INNOVATION AND GROUP CLIMATE: THE INTRODUCTION AND VALIDATION OF THE GROUP CLIMATE INVENTORY'S HUNGARIAN VERSION (Innovacio es csoportklima: A Csoportklima kerdoiv magyar valtozatanak bemutatasa es pszichometriai vizsgalata)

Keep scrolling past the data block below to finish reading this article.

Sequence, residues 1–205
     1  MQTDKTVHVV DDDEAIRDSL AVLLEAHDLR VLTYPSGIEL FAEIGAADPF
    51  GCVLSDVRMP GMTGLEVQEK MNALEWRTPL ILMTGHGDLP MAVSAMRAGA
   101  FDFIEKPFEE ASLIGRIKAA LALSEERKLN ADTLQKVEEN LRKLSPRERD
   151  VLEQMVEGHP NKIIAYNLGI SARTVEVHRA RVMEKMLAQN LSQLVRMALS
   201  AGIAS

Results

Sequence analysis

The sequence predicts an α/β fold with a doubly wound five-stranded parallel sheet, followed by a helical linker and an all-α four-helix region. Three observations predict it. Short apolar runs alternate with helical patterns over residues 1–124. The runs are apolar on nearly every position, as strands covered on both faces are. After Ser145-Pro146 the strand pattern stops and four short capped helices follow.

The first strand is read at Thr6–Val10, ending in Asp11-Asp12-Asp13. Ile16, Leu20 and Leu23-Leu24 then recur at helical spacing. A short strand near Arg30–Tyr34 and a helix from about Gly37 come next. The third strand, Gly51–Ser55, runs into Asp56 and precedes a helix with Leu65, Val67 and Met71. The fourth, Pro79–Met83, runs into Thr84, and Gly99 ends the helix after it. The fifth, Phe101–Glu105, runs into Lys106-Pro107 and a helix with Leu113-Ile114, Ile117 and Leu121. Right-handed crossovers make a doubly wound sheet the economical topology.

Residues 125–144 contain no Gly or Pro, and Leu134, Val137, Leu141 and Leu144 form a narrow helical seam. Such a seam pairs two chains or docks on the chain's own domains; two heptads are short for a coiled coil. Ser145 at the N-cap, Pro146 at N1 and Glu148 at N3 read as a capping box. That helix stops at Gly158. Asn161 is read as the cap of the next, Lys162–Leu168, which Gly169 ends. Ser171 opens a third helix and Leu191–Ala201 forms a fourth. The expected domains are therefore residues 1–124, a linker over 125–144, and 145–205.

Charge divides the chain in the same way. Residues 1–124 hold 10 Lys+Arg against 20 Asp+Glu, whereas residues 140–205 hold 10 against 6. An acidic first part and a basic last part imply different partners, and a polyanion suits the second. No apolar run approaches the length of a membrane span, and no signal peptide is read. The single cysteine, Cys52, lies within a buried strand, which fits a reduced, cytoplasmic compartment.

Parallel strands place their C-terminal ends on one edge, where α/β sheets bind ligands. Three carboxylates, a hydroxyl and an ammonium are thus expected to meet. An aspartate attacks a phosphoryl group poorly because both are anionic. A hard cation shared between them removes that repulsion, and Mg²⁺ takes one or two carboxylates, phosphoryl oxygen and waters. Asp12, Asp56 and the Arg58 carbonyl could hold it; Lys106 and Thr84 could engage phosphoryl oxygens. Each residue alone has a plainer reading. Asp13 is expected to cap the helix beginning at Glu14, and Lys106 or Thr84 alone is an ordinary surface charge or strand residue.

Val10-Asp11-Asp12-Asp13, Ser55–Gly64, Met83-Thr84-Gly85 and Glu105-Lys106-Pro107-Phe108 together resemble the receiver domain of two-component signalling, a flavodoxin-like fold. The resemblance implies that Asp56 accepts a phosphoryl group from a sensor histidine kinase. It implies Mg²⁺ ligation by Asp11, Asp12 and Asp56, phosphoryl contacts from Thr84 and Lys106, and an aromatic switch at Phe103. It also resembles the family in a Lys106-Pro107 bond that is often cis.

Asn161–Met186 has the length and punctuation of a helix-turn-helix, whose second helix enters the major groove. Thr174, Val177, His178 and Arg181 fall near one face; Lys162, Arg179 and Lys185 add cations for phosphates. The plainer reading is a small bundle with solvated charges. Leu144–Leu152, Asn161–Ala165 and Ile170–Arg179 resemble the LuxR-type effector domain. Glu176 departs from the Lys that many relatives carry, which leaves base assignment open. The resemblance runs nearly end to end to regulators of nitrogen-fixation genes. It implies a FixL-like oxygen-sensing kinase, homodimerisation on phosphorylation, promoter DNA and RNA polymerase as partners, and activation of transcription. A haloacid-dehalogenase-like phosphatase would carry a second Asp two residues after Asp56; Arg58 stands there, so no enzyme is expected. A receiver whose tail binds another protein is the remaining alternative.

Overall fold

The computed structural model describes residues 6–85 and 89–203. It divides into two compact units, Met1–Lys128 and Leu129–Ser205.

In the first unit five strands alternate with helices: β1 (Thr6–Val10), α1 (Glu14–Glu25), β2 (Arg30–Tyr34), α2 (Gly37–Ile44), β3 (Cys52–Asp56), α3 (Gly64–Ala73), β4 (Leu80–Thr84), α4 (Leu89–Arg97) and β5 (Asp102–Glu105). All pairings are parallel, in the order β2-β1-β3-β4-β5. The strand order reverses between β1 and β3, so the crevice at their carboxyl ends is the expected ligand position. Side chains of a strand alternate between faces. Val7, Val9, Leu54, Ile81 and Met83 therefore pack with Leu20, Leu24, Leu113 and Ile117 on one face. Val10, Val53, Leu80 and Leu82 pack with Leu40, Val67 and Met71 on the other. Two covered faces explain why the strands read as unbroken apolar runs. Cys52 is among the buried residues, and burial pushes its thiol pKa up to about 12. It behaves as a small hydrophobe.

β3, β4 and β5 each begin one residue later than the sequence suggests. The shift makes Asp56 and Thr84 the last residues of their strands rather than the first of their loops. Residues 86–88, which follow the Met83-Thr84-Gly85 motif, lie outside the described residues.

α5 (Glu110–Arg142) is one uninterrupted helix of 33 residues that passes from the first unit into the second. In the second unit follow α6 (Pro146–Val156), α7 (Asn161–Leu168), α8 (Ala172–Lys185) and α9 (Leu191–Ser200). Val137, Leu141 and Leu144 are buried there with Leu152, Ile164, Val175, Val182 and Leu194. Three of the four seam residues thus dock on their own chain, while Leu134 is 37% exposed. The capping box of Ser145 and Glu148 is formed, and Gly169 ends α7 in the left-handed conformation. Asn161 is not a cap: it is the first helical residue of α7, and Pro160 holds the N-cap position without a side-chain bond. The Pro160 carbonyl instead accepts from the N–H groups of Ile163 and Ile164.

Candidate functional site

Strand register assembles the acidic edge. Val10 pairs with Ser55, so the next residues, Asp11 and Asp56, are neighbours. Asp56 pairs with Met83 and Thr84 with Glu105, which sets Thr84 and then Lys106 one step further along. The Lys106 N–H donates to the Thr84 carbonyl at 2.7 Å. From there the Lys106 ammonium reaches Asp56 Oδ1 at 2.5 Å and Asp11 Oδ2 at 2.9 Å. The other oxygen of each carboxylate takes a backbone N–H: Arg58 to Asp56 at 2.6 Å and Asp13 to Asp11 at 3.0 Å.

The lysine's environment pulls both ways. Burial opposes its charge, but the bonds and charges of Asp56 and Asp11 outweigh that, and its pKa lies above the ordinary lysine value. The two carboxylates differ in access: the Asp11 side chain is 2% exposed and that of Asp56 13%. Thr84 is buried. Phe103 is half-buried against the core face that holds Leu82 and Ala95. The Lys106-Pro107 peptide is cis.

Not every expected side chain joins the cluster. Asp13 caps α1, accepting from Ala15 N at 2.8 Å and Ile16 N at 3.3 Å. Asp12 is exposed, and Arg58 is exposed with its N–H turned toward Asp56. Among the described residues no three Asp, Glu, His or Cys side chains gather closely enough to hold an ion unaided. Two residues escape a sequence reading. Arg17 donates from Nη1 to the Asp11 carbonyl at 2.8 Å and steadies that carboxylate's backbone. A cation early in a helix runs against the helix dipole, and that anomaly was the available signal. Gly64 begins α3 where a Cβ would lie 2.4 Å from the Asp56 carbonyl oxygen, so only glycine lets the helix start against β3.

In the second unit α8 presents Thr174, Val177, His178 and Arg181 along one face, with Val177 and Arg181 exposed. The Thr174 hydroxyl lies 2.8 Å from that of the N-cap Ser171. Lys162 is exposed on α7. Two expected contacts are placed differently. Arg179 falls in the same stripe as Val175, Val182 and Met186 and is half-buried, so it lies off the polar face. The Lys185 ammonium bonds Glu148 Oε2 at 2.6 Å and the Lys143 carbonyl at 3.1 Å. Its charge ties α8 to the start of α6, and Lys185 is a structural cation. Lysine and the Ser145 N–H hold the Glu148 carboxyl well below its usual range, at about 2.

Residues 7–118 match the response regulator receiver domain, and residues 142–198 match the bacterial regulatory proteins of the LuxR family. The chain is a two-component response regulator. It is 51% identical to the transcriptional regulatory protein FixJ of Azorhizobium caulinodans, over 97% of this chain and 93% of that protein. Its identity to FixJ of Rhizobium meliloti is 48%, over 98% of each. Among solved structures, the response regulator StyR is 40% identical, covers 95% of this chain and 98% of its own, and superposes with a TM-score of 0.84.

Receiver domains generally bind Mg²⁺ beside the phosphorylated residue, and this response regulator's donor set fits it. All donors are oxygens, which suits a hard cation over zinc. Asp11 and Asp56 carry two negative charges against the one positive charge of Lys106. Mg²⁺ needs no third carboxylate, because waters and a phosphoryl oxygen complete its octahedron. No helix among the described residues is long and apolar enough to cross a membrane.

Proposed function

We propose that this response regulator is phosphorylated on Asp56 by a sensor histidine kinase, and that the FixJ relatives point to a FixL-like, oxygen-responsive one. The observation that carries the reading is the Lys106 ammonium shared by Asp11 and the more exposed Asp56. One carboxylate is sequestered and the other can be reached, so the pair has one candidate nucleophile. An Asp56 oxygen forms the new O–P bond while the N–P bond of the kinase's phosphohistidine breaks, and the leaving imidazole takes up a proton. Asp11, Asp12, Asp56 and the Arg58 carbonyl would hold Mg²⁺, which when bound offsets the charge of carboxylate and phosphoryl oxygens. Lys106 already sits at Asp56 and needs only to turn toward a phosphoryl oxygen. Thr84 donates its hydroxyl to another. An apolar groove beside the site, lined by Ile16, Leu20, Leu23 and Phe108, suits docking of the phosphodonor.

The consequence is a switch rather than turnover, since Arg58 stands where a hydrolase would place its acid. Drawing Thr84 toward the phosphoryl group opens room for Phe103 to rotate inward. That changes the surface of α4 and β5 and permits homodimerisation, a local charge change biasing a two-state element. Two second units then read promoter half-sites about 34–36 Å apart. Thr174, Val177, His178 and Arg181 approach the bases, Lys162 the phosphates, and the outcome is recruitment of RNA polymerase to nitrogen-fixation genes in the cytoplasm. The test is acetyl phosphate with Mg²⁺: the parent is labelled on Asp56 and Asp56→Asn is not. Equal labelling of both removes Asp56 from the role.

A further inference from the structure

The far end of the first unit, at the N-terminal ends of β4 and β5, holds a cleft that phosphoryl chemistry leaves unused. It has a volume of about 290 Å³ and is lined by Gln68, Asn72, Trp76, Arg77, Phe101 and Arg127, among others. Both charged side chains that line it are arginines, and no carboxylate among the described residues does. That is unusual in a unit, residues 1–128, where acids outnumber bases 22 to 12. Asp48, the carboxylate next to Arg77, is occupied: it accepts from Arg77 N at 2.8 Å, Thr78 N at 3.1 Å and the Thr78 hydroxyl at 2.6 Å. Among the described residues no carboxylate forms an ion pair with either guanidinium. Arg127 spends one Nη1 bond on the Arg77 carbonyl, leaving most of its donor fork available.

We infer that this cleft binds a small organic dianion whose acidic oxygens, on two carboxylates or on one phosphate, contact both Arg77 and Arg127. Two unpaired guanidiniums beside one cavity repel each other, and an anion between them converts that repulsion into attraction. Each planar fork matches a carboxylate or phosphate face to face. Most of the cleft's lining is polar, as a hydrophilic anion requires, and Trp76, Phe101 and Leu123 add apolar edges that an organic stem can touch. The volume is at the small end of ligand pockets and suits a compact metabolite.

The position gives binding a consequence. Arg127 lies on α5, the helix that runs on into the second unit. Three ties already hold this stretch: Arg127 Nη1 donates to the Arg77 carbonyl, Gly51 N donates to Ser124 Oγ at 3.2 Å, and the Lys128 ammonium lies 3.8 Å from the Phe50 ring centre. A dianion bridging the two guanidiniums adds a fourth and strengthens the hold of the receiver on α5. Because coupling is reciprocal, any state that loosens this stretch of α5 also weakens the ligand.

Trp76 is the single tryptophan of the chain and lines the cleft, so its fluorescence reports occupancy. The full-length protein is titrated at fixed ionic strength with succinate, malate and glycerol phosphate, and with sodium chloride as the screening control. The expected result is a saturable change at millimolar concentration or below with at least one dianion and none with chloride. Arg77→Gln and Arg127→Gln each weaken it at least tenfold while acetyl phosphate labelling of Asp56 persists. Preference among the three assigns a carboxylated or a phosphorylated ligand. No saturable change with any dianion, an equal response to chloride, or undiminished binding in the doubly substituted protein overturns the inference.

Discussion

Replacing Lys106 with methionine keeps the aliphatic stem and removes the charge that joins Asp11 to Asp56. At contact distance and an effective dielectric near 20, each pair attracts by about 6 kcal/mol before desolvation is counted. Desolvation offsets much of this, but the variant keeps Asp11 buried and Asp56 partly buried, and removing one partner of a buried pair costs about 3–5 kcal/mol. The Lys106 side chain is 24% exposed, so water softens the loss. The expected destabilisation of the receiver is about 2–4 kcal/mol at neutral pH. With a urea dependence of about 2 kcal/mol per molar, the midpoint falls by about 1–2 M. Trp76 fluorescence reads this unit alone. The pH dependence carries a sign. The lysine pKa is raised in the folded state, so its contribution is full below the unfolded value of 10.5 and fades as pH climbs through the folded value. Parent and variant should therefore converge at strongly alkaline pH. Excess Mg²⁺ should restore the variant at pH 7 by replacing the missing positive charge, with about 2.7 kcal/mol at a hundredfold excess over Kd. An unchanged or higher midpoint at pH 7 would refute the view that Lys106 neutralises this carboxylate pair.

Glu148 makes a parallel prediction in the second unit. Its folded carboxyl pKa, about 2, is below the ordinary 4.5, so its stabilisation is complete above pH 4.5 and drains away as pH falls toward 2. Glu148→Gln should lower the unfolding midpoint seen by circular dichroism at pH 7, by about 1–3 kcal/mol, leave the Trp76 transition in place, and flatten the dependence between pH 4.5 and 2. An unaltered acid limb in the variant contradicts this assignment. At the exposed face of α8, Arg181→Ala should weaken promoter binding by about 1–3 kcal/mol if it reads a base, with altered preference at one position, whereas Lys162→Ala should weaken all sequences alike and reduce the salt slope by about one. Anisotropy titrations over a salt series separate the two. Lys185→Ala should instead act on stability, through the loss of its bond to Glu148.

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Innovation has become a salient topic of the 21st century and it is often considered to be a key factor to maintaining organizational competitiveness. It is in the center of interest of several scientific specialties, including the attention of researchers and practitioners as well. Despite the different perspectives different specialties take, the scientific literature mainly focuses on identifying, aligning and presenting the facilitating antecedents of innovation. Among these antecedents, the early studies had the organizational or group structure and the attributes of people - especially the leaders - in the center of attention. In the last few years, however, we have witnessed a shift in research towards organizational culture and climate. Parallel to this tendency, a change in the level of analysis has occurred as well. Nowadays, significantly more studies choose the group level instead of investigating the organization as a whole than even a decade ago. To capture group climate that facilitates innovation, West introduced the four-factor theory in 1990. The model identifies four crucial factors of climate for innovation: vision, participative safety, task orientation, and support for innovation. Based on the four-factor theory, Anderson and West (1998) has developed the Team Climate Inventory (TCI), which enables professionals to measure and capture climate in a numerical form. Since the development of the inventory, numerous studies have investigated the psychometric properties of TCI and tested its adoption to different languages. The aim of the current study is to present the model and the Hungarian version of the TCI tested on a sample of 30 workgroups. The 30 groups belong to the same governmental institution, including teams from four county-level and a city-level institutes. To test the reliability of the inventory, Cronbach's Alpha was counted for the four sub-scales and for the entire inventory. The high values of Cronbach's Alpha show the reliability of the inventory. To test the structure of the test, factor analysis was performed. The results are in line with those of the previous non-Hungarian studies. The initial results, therefore, support the usefulness of the Hungarian version.
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